The majority of professionals want and need to attend business networking events, but don’t always have the capacity to give the events the planning and consideration they would like.
So for the busy professional, here are three quick and easy networking tips for the business environment:
What do you want to achieve by attending? Do you want to communicate your professional achievements, or raise your profile? Or both? Do you want to increase your list of networking contacts? Who do you hope to meet? Why do you want to meet them? How can they assist your professional progression? Ask yourself why the other professionals are likely to be in attendance? What do you think they wish to achieve? How can you help them? What business connection could be mutually beneficial to both parties?
So you have the logic worked out for attending, but now you need to consider how to execute that plan. If you want to increase your number of business contacts, you will need to work the room and interact with as many people as possible, whilst still giving considered time and attention to everyone you meet.
If you want to raise awareness of a recent professional achievement, do you need to be more focused on a particular business contact with whom you could communicate with?
If your aim is to raise awareness of your professional ability, you need to consider who are the relevant people who would want to hear about it.
If other professionals are in attendance for the same reason as you, could that affect how you may wish to come across, and interact. If you are alongside a competitor for example, you will have to think carefully about how you raise awareness of yourself whilst alongside them – could they take your platform by creating a more personal approach, whilst you take a more business themed stance for example? In that scenario, I would suggest you consider your preferred business contact and how they interact, then match their networking style.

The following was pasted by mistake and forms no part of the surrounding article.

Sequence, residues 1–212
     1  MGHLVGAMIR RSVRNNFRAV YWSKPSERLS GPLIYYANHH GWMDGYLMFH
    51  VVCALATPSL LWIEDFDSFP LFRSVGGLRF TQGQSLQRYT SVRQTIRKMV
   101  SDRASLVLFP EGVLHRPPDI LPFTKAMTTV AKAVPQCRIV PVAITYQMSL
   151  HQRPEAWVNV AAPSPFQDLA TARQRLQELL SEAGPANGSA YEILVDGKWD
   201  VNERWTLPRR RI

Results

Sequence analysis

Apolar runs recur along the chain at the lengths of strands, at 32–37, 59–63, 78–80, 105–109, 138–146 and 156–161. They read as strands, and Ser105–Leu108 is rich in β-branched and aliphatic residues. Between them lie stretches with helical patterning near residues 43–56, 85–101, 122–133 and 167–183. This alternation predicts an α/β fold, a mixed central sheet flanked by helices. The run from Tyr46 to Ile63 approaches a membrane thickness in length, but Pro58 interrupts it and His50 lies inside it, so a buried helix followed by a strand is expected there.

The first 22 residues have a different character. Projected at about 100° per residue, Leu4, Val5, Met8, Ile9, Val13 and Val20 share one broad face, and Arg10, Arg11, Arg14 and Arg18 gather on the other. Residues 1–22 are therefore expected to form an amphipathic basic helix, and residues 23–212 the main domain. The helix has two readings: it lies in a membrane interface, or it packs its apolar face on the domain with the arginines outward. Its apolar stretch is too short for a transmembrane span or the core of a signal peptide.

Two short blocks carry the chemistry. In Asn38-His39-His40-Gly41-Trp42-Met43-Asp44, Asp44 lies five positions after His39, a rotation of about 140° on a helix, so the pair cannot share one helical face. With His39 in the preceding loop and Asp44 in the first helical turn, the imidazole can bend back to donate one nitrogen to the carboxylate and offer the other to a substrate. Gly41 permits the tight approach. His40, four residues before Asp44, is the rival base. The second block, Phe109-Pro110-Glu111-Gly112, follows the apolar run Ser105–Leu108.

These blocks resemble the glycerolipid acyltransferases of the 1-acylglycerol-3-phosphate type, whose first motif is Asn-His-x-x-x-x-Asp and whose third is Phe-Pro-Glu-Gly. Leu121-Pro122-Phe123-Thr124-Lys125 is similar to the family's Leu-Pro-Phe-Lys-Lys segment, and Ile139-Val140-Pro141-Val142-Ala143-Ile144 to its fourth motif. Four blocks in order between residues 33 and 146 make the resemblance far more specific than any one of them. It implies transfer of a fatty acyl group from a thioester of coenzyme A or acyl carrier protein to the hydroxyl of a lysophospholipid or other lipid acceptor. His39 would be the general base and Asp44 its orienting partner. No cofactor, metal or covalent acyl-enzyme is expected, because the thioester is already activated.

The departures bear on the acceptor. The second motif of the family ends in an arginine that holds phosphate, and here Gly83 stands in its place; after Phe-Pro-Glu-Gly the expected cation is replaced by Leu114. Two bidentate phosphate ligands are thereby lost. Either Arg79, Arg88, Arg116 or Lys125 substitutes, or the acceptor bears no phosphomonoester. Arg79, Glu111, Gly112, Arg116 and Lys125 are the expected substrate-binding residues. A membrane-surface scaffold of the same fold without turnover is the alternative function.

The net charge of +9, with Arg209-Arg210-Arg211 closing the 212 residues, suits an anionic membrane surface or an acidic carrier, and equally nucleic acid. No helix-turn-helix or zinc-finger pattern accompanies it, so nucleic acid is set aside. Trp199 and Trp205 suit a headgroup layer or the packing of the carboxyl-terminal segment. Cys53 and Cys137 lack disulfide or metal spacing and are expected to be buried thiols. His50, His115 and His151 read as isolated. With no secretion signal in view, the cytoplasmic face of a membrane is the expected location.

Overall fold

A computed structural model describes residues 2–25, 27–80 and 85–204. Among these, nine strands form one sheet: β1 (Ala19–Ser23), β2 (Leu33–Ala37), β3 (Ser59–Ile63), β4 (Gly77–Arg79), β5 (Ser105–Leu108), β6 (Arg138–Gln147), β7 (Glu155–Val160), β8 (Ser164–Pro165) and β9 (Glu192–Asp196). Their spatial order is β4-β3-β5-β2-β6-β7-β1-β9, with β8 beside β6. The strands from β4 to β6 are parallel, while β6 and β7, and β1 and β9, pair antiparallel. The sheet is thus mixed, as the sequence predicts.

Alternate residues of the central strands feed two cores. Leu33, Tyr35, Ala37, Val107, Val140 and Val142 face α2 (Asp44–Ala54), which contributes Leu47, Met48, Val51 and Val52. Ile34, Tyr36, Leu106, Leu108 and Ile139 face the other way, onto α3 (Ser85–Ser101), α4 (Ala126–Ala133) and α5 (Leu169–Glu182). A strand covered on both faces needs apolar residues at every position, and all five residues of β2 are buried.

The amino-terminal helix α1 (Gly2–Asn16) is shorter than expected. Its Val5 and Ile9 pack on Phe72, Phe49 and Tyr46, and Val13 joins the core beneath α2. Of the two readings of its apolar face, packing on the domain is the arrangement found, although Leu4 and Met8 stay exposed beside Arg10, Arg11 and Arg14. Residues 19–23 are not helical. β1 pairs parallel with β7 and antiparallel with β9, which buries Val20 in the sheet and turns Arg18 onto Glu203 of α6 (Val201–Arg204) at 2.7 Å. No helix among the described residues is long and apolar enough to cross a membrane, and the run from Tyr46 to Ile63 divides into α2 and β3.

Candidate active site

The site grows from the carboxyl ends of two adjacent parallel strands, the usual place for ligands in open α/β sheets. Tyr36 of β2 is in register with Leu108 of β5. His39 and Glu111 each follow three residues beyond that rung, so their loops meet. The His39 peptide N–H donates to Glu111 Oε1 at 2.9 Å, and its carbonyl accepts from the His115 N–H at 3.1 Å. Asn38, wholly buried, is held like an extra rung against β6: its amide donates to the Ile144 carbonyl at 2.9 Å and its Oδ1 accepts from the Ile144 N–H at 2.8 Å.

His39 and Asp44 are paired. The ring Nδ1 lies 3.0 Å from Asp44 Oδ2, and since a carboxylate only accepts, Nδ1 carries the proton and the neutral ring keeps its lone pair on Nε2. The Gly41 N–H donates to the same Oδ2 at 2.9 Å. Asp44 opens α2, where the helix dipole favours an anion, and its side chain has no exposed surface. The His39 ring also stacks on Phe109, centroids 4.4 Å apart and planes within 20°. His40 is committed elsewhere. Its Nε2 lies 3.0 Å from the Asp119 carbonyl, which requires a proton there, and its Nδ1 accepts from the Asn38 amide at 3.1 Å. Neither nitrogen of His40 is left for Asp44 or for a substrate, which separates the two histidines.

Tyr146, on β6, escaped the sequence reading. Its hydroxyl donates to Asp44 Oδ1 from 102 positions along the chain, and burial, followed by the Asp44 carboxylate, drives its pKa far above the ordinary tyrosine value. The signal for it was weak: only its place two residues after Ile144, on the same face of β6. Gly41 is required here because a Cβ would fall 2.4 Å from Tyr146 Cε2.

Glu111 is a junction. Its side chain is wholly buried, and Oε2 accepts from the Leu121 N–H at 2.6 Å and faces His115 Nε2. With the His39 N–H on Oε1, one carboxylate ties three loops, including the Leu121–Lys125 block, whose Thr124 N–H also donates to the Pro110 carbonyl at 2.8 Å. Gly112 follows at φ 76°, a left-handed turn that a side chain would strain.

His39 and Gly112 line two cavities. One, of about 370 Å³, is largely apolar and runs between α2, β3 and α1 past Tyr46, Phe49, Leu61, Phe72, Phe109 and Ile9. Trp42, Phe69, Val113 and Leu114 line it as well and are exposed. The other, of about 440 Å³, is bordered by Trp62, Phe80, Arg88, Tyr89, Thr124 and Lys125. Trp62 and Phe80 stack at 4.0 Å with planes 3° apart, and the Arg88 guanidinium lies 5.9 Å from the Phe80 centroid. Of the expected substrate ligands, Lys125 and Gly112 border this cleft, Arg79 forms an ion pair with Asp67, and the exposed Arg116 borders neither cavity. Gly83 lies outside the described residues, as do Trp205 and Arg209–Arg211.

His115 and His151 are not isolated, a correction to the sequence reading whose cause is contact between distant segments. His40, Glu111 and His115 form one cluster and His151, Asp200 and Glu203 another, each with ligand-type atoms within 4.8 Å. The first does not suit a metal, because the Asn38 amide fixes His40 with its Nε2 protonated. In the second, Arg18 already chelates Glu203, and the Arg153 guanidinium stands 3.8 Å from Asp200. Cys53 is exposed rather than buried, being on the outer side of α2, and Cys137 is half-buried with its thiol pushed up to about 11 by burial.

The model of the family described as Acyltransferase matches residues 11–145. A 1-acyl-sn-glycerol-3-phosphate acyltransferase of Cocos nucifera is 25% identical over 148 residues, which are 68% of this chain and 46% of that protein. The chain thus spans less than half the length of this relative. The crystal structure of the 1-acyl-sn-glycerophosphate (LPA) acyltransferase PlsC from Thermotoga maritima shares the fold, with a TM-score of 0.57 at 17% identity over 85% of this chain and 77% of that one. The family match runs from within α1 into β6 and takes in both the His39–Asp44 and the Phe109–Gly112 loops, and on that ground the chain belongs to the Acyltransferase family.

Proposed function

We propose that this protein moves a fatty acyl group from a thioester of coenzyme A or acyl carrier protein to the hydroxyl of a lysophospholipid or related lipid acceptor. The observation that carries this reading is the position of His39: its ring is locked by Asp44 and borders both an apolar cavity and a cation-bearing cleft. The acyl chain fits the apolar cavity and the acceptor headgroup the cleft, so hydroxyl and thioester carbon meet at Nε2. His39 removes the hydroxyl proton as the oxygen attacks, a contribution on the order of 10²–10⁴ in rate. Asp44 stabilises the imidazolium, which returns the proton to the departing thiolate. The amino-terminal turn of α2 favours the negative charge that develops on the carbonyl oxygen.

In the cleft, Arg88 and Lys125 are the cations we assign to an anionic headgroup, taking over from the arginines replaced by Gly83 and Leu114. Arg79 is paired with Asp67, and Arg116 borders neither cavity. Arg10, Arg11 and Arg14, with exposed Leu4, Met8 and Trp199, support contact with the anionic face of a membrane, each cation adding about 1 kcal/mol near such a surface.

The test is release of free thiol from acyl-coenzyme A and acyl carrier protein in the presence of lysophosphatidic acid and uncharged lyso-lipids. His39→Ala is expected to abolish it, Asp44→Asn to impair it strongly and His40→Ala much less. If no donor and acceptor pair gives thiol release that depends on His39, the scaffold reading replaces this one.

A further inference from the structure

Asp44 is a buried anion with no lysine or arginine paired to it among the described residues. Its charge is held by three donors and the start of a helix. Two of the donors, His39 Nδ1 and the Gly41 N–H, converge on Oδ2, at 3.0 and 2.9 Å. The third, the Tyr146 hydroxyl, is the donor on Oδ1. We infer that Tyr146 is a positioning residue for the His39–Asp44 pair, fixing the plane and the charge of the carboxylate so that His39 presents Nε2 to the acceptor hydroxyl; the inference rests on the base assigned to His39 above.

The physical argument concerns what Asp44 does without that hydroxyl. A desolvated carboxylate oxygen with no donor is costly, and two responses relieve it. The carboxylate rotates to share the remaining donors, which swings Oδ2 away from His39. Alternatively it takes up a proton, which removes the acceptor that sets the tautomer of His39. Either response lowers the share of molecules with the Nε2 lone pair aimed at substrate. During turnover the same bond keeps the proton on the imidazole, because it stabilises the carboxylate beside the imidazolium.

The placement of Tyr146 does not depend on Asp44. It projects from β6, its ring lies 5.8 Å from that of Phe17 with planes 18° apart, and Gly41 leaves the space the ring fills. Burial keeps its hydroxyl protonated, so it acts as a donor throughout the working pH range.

So you have considered the logic, and how to execute it. Now look at the whole picture, rather than each stage. Attending business networking events has more than one step to consider, in order to complete the process fully.
You need a clear idea of why you are going, a clear idea of how to execute your objectives, and a considered outcome to aim for, and act upon, after the networking event.
The outcome will be the knock on effect of having attended the event, the leads and knowledge it will have created, and your skill in bringing that information together to make your efforts worthwhile. You need to act on the outcome, or any efforts with your logic and execution will be wasted if you don’t complete the cycle.
About the author
Sarah Watson has been married to Andrew, a solicitor, for more than 20 years and has worked as a legal secretary for more than 25 years.
After observing how people respond in different ways to the corporate networking environment, Sarah came to the conclusion that there is a correct code of conduct for Corporate Wives to recognise and demonstrate, and that is what persuaded her to write The Corporate Wife Handbook.